On a warm, breezy day in late August, Wilmington resident JoAnne Stout waited patiently outside of the Delaware Children’s Museum on the Riverfront.
Full of excitement and a bit nervous, she stood underneath a tree to avoid the glare of the sun as she scanned the parking lot across the street.
She watched as a car pulled into the row of parking spots closest to her. Out jumped a family, not unlike the thousands of others that frequent the museum each year.
“Ms. JoAnne!” she instantly heard echo across the parking lot — the voice all too familiar.
It was that of 5-year-old Aiden Bell, with whom Stout had been virtually reading, talking and playing with throughout the pandemic as a Read Aloud Delaware volunteer.
The trip to the museum would be the first time the two had met in person. Aiden’s dad pushed a stroller carrying his youngest son as Aiden and his cousin grabbed the handles, looked both ways and crossed the street toward a teary-eyed Stout.
The two already had developed what felt like a lasting friendship.
Read Aloud Delaware is a nonprofit organization that sends volunteers into preschools around the state where they engage in one-on-one reading sessions with children.
With so many people worried about learning lags because of school interruptions caused by COVID, Read Aloud is one of many state groups continuing to promote literacy and comprehension.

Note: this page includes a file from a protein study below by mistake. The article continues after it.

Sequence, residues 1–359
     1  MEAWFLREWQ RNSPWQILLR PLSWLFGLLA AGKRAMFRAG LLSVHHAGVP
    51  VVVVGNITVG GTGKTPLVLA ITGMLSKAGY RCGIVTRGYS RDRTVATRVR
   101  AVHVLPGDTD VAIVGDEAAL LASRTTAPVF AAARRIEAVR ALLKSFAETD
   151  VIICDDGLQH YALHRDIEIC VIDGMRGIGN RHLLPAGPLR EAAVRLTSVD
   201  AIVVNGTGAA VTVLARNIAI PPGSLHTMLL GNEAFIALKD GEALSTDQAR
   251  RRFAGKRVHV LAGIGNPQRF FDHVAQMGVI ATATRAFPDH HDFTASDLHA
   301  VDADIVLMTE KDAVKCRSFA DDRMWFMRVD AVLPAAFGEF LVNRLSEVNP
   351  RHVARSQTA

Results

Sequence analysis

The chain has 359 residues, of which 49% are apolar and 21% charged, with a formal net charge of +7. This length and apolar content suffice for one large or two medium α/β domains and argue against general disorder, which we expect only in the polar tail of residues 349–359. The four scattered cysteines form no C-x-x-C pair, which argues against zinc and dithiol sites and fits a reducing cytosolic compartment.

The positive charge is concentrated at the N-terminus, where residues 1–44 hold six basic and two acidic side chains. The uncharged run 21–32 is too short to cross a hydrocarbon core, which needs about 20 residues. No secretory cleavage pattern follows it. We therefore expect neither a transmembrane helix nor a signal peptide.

When the pandemic forced the closure of many childcare centers and prevented visitors from coming in, Read Aloud was faced with a question: how can we continue to fulfill our mission without being present with students?
The answer: a new service that allows volunteers to read with students virtually, via video chat and screen sharing.
Every Sunday, Stout spends about an hour with Aiden talking, reading books and playing games.
The pair uses Caribu, an innovative app and marketplace that allows users to connect through a video call to read books, draw and learn together in real-time no matter where they are.
The platform has allowed Stout and Aiden to develop a strong connection, “so much so that sometimes we’d be on Caribu for an hour and his mom would pop in the screen and say, ‘Have you all gotten to read a book yet or anything’ because she could just hear us talking and talking,” Stout said.
Aiden is a bit shyer about expressing his feelings about Stout.
“She makes me feel happy,” he says.
Aiden’s mom, Schanal Chin, said she’s grateful that her son has been able to forge such a valuable relationship with Stout.
Chin is a teacher with the Delaware Children and Families First Head Start program.
“He loves it,” Chin said. “He loves her and he looks forward to reading with her.”
Stout said she’s learned as much from Aiden as he has from her, she said.
He teaches her all about dinosaurs and marine animals, and he even got her hooked on a Netflix show called “Jurassic World Camp Cretaceous.”
She would binge-watch the show and then discuss what she learned with Aiden during their Sunday calls.
“There’ve been times where it’s not even our scheduled time and I’ll notice that Caribu will notify me that I missed a call from Aiden,” she said.
Stout remembers a time when she and Aiden were close to completing a puzzle together on Caribu.
“We’re close to getting another trophy,” she told him.
“Ms. JoAnne, it’s way too early to celebrate,” Aiden responded. “This puzzle is not easy peasy lemon squeezy.”
It’s moments like that, Stout said, that remind her why she got involved with Read Aloud in the first place.
She does it for the children, but in the end, she comes away from her volunteer experience with a full heart and a sense of purpose.